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Pure Storage the latest pipes 'n' plumbing playa to slash sales forecast

Look at the troubles facing legacy vendors. We're not immune either

Pure Storage has clipped forecasts for its current fiscal year due to fears over the slowdown in corporate spending that is gripping other infrastructure outfits and a sharp decline in NAND prices.

Revenue for Pure's Q2 of fiscal '20 ended 31 July was up 28 per cent year-on-year to $396.3m. Product sales brought in $300.1m, up 24.4 per cent, and support subscription was up 42 per cent to $96.2m. The company reported $66m in net losses, worse than the net loss of $60m that Pure filed a year earlier.

In recent weeks, Intel, Cisco and NetApp have all reported a wider slowdown in spending on tech pipes and plumbing, the latter two blaming the global economy amid trade tensions between China and the US.

On an earnings call last night, Pure chairman and CEO Charlie Giancarlo said: "Looking at the market as a whole, Pure is clearly out-executing our traditional competitors, some of whom have expressed concerns around the macro economy. We do not believe the macro environment has affected us this past quarter.

"What we do see is a significant transitory NAND supply/demand imbalance which impacted component prices and the storage industry as a whole. We expect this situation to continue to affect us for the balance of the year given the natural lag between component costs and storage market pricing."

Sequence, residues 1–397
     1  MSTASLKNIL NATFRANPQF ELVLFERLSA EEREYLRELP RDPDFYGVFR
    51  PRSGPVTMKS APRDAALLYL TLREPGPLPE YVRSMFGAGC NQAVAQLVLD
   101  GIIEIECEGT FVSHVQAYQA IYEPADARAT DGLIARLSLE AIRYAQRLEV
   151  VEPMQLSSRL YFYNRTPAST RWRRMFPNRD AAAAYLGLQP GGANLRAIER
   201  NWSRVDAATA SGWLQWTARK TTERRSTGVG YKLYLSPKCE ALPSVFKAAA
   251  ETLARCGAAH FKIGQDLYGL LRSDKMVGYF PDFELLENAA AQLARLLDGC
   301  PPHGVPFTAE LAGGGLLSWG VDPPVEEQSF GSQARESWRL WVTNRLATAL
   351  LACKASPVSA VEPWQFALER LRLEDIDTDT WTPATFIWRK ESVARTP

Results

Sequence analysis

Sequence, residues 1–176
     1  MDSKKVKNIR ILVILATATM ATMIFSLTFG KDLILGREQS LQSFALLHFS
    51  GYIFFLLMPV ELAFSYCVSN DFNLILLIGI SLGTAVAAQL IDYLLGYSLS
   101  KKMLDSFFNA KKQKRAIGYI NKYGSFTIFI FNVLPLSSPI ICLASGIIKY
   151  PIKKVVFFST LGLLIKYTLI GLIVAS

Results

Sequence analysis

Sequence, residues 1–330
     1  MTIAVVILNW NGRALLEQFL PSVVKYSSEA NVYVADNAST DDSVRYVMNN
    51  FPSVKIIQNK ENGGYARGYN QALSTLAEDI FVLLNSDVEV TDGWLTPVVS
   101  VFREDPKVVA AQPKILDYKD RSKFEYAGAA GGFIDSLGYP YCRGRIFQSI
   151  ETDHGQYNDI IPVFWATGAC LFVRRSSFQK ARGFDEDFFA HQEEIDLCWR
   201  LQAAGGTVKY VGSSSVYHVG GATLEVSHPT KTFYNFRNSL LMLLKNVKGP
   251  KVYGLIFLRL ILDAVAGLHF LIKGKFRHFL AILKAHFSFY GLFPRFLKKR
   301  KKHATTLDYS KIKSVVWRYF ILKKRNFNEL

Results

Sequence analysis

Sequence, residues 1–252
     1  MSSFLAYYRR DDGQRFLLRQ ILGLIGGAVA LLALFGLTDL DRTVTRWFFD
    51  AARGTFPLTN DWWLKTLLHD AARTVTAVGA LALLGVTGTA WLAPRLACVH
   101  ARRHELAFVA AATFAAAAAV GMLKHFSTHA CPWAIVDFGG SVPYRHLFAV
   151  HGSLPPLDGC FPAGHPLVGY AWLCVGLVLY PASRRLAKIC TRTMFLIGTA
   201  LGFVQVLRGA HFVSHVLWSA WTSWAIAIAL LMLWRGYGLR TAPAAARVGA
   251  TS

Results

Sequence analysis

Pure, which didn't highlight the traction of specific products, said 74 per cent of revenue came from the US and 26 per cent came from international markets. It gained 450 new customers in the quarter, taking the total past 6,600. Employee numbers went past 3,300 from 2,450 a year ago.

The revenue outlook for the next quarter is forecast at between $434m to $436m – $440m at the midpoint, 18 per cent higher but still down on growth rates in recent years. The full-year outlook has been pared back from $1.76bn to $1.68bn.

Outgoing CFO Tim Ritters said NAND prices have declined faster than it expected in its Q2 – industry supply is outweighing demand – and this, along with a slowdown in major economies, caused it to rethink fiscal '20 revenue estimates.

"While we did not see any specific indications that macro impacted our business in the quarter, we nevertheless want to be mindful of the environment given the recent headlines and cautionary tone of other infrastructure vendors," he said.

Legacy tech or not, all vendors seem to agree they are facing the same issue.

Wells Fargo senior analyst Aaron Rakers said: "We think a reduced forward outlook from Pure has been expected following NetApp's weak July quarter results and reduced F2020 guide... along with weak enterprise results from Cisco and Intel."

Over at William Blair, analyst Jason Ader added: "The guide-down was attributed primarily to a precipitous decline in NAND component pricing in the second quarter (which is affecting end-user pricing and deal sizes) and secondarily to increased caution on the macro environment."

Ritters is leaving the company for personal reasons. ®

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